This is the closest we've seen to anything negative containing audio ducking in Premiere Pro.
Motion Graphics Templates
The were several improvements to Motion Graphic Template workflows in Premiere Pro CC 2018 (12.1). These include a new UI, new filtering options, searchable custom keywords, and the ability to replace templates with updated versions while preserving customizations.
Dylan Osborn points out how easy it is to find free Motion Graphic Templates from Adobe Stock using the filters in the Essential Graphics panel.
The new hover scrub functionality makes finding the right Motion Graphics Template much faster!
Essential Graphics Panel Improvements
The Essential Graphics panel saw some updates in Premiere Pro CC 2018 (12.1). Like the ability to animate layers directly within the Essential Graphics panel by clicking on the layer property icons. Unfortunately, we could not find any user comments specifically about this feature. We're still curious how this enhancement impacts motion graphics workflows for Premiere Pro users. Do you think this update too subtle?
We were glad to see Dylan Osborn picked up on the significance of the new gradient fill feature added in the Essnetial Graphics panel.
Adobe Immersive Environment
Enhancements to the Adobe Immersive Environment in Premiere Pro CC 2018 (12.1), were well-received by users working in VR and 360video. This included the addition of a new Navigator window and support for Windows Mixed Reality head mounted displays. Apparently giving users the sensation they are Tom Cruise from Minority Report.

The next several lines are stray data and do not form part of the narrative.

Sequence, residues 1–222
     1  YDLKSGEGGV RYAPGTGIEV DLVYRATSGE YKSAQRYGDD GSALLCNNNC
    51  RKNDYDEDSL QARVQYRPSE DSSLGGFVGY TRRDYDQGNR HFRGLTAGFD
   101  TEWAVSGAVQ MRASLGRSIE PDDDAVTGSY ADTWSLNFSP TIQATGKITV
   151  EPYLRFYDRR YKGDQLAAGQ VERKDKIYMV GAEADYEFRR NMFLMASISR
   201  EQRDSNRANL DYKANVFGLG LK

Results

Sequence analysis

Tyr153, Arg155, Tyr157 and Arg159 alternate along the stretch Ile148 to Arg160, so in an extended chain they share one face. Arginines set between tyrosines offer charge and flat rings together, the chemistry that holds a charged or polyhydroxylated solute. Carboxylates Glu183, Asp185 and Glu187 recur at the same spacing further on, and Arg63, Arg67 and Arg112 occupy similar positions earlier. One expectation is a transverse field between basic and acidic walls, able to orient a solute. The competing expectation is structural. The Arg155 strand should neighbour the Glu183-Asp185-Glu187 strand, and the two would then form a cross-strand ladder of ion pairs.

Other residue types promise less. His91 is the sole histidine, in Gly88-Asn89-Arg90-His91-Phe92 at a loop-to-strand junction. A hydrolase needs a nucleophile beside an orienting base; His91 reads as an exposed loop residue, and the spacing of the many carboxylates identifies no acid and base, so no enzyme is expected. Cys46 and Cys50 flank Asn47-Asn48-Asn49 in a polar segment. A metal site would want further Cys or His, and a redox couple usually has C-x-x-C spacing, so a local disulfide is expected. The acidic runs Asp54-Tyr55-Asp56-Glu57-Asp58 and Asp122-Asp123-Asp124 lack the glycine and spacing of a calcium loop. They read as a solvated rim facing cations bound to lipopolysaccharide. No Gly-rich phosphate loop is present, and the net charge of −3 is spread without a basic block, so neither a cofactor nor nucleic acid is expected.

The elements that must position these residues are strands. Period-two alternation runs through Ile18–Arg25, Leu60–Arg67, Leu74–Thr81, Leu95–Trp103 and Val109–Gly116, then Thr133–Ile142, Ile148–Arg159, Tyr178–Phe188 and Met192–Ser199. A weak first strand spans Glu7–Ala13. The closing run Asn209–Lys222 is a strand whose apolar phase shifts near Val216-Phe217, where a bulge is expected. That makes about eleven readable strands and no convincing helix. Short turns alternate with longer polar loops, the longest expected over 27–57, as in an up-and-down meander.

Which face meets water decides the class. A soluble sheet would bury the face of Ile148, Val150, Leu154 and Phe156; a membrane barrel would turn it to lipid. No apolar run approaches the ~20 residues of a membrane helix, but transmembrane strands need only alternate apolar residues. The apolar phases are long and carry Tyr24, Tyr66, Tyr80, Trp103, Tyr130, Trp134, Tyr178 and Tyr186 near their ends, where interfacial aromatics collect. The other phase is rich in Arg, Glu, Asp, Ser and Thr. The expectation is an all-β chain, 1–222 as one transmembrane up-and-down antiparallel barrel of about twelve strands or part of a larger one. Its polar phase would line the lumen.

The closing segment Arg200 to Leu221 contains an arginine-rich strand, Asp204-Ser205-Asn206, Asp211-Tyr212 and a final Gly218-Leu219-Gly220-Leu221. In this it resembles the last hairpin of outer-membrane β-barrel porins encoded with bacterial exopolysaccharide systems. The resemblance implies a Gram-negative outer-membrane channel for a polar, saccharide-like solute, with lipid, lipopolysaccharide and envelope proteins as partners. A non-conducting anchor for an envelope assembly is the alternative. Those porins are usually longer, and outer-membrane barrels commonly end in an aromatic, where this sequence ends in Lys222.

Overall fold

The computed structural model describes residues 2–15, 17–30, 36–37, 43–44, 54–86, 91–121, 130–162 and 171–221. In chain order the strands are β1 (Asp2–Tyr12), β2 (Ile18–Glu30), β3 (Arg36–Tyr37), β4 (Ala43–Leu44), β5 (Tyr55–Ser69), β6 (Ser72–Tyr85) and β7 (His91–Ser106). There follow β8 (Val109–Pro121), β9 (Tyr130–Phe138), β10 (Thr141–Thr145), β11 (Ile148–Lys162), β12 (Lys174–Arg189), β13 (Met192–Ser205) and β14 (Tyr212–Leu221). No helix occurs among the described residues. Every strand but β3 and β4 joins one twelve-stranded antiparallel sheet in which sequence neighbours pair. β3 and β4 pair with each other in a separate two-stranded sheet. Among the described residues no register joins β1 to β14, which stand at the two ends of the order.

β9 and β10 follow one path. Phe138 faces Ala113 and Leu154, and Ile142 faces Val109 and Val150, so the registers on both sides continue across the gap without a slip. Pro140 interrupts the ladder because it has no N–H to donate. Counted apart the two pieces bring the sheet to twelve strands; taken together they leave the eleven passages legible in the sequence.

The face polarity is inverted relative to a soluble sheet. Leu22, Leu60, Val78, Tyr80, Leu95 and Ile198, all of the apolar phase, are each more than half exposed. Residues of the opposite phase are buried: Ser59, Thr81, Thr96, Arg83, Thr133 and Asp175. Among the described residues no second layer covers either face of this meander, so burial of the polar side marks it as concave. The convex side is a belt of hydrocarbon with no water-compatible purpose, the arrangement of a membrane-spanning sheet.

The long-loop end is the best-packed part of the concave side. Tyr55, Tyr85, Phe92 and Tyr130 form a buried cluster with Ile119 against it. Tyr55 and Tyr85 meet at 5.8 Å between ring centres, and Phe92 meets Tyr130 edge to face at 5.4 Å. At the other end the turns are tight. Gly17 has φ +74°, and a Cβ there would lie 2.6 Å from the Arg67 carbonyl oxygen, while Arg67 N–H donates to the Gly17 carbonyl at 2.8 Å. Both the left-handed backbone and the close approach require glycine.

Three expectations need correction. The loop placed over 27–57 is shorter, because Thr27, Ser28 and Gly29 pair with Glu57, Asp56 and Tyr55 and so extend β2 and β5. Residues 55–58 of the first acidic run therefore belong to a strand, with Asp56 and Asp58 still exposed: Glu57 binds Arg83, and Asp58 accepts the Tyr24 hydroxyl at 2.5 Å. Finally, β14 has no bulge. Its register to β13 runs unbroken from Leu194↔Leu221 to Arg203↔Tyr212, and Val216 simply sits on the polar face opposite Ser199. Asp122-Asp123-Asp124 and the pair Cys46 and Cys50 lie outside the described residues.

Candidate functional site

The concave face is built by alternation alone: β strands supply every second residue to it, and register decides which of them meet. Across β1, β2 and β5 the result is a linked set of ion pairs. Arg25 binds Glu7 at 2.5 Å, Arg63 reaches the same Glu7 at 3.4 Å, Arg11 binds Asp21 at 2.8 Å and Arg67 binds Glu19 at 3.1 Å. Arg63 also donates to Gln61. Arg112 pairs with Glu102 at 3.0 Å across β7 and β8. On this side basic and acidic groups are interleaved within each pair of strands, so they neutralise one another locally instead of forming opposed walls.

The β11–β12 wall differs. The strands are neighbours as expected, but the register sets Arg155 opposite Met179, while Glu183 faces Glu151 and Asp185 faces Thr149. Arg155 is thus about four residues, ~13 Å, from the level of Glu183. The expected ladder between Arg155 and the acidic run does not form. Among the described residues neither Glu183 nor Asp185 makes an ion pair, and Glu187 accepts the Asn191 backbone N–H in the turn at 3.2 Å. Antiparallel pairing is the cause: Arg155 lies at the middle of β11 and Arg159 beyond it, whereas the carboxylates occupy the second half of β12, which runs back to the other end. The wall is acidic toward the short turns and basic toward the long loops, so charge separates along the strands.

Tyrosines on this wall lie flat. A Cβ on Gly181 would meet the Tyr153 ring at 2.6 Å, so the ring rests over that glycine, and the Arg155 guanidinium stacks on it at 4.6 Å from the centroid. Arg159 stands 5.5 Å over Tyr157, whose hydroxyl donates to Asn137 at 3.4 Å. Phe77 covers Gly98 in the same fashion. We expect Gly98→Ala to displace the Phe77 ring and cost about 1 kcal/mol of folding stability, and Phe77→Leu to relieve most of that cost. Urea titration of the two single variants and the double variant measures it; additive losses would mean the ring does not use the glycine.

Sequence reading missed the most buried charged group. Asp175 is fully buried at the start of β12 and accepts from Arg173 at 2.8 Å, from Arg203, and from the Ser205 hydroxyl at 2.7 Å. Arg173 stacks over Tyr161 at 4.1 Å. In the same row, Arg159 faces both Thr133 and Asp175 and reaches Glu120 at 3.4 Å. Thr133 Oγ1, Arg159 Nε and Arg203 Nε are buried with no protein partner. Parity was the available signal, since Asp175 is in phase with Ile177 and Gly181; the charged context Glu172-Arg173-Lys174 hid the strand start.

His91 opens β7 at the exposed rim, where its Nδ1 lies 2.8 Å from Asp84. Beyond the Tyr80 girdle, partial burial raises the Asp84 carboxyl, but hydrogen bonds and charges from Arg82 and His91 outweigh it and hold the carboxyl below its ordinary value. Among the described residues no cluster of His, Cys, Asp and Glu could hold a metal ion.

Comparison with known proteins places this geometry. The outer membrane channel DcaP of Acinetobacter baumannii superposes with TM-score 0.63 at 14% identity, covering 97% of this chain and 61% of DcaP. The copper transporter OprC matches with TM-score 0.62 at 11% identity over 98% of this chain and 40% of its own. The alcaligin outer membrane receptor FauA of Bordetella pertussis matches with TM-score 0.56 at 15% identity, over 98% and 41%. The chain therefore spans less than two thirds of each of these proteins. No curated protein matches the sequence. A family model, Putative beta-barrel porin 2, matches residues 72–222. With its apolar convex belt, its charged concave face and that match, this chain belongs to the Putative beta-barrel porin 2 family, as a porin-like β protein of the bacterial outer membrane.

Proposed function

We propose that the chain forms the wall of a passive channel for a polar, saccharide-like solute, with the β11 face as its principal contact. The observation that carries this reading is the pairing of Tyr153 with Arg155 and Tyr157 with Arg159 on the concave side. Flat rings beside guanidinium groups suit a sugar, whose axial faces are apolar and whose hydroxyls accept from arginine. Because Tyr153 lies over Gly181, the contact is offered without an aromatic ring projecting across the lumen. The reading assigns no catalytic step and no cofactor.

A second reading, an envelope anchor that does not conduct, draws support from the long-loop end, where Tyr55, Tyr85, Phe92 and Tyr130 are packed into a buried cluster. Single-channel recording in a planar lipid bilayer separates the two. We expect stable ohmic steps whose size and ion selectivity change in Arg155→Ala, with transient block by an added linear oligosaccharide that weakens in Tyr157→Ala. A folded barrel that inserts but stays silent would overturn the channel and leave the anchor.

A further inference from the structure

More is always better when it comes to support for camera formats. Click here to learn more about the new file formats supported in Premiere Pro CC 2018 (12.1).
QuickTime 7 Support Dropped
Premiere Pro CC 2018 (12.1) removes support for old QuickTime 7 era formats, like Cinepak and Sorenson. Up to this point, a warning box would appear notifying users that support of such formats was expiring. Remember: Premiere Pro natively supports formats like ProRes and Avid codecs, so there isn't cause for much alarm.
Integration with Audition
Adobe's theme at NAB Show 2018 was "Unstoppable together. Powerful alone." Premiere Pro users continue to benefit from the tight integration between the Creative Cloud applications. In this particular case, support for importing whole Premiere Pro project files into Audition
We're dealing with software—very complex software at that. And no software is 100% immune to bugs. In fact, Adobe Premiere Pro team published a list of known issues in Premiere Pro CC 2018 (12.1) alongside its release. Here are two issues that noticeably affected the online Premiere Pro user community.
Issue with PNGs Containing Alpha
Premiere Pro CC 2018 (12.1) has a well-documented issue with playback and export of PNGs with alpha, including image sequences. The results are not pretty. (Interestingly, this has not been added to the official list of known issues.) Fortunately, workarounds for the PNG/alpha issue have been published on the Adobe Premiere Pro forums.
Crash When Switching Workspaces
According to the known issues in Premiere Pro CC 2018 (12.1), "Premiere Pro can also crash if you switch between workspaces too often."
What do think about these thoughts? Do the opinions expressed in this post change your opinion on the new features in Premiere Pro CC 2018 (12.1)? How so? Let's talk about it!